P. Jeffrey Black bumped up against his bosses in the Federal Air Marshal Service, eventually becoming a whistle-blower and testifying to a closed-door congressional hearing before his retirement in 2010.
He had taken a long list of complaints to lawmakers about how the air marshals service was run, ranging from problems keeping marshals on flights to allegations of ineptitude and favoritism by managers. The same year he retired, he appeared in "Please Remove Your Shoes," a documentary critical of the airline security measures travelers endure on every trip.
Then came the audit, which an Internal Revenue Service agent told him about the same day the movie premiered - "almost to the hour," he said.
As AC360 first reported back in December 2012, the Veterans Administration hospital in Pittsburgh had high levels of Legionella bacteria in its water supply, but for months failed to solve the problem.
Staff and patients weren't made aware of the issue, and at least five patients died. Eventually drinking fountains were sealed off and patients stopped getting baths and showers, but it was too late for some of those who came into contact with the bacteria.
Victims' families are livid about how the problem was mishandled. "There were deaths before him that we didn't know about. We wouldn't have gone there ... He had a good outlook on life. He felt he had more time left," says Sandy Riley whose brother Mitch Wanstreet died after contracting Legionnaire's disease at the hospital.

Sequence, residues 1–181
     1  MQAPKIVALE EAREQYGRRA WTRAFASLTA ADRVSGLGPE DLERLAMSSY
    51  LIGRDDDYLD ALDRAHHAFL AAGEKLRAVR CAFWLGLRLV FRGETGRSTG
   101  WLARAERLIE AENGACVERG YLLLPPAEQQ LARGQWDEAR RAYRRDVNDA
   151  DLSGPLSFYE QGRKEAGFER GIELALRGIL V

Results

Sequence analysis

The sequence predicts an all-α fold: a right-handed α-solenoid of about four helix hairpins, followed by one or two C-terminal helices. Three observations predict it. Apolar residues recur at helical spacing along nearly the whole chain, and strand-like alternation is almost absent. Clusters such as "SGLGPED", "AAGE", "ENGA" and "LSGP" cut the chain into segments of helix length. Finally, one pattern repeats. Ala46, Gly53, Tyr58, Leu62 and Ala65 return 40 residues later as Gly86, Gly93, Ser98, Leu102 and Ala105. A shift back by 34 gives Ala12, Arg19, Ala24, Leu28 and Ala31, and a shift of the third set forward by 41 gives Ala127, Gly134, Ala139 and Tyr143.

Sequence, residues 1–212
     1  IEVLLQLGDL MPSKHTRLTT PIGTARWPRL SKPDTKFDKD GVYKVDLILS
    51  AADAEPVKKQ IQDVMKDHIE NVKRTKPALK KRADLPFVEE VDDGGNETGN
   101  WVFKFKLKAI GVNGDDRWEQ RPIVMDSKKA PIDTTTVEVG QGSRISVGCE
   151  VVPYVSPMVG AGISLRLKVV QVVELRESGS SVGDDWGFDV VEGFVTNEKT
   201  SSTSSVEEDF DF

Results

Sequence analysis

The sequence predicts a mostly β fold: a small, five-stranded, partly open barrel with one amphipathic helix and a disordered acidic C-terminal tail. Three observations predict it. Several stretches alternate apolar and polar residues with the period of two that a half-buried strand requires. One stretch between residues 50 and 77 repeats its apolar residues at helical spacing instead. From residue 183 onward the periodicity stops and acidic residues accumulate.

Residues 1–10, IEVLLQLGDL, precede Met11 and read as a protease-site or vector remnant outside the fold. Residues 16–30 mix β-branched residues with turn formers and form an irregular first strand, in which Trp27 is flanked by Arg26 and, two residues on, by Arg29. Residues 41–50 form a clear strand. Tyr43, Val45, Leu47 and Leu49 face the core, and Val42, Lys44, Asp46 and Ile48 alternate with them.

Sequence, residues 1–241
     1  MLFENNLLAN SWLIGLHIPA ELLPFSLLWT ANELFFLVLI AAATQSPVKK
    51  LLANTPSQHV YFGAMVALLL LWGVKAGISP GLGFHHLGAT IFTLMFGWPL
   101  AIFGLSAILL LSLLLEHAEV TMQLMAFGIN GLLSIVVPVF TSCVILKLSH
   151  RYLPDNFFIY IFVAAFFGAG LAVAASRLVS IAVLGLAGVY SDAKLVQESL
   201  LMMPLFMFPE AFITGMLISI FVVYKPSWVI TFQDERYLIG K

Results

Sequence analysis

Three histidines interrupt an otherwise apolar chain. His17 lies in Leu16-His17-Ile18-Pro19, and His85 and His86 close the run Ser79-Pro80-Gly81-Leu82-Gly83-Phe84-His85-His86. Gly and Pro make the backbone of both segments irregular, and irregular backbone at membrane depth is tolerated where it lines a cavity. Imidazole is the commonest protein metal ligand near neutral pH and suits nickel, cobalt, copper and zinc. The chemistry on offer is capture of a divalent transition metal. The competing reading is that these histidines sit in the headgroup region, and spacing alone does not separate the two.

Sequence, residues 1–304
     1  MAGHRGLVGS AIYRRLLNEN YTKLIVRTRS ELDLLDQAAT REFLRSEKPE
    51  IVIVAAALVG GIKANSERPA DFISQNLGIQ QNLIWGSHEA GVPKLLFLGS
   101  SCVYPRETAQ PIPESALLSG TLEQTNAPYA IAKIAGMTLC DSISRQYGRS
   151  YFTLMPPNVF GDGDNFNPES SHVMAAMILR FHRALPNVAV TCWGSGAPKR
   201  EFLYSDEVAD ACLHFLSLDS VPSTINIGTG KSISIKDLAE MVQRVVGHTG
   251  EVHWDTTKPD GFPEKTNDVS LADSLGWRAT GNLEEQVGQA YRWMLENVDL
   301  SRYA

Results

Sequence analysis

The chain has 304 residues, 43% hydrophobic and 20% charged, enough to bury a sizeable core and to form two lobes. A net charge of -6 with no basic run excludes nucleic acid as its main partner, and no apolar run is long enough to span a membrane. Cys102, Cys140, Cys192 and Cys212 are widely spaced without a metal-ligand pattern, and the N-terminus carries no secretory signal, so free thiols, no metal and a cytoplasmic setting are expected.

CNN's Drew Griffin reports on the leads Mississippi law enforcement ignored in the 2009 roadside killing of Garrick Burdette. The police recently released information about his death to a local newspaper after Griffin questioned them about the way they handled the case.
Burdette's mother told Anderson Cooper it's hurtful that authorities only contacted her about her son's death after CNN put a spotlight on the story, more than three years later. The investigator apologized to her for letting the case slip through the cracks.
Now police say a suspicious car was at the scene of the incident. The article says a deputy thought about trying to find that car, but didn't. There were other clues about the vehicle that could have helped track down the driver, but there was no investigation.
Two hit-and-run deaths in rural Mississippi just a few miles apart highlight a disturbing problem about data collection on possible hate crimes.
Last summer, 61-year-old African-American Sunday school teacher Johnny Lee Butts was hit and killed by an 18-year-old white driver. The teen told Panola County Sheriff deputies he thought he hit a deer but the driver's two passengers said he steered straight for Butts. One passenger said he could see that Butts was black. The killing has sparked outrage in the local African-American community. Civil rights groups have demanded that police prosecute Butts' killing as a hate crime.
Nonetheless, prosecutors chose not to.
There was no evidence, authorities said, to suggest a racial motive. The driver was charged with murder. He has not yet pleaded in the case.
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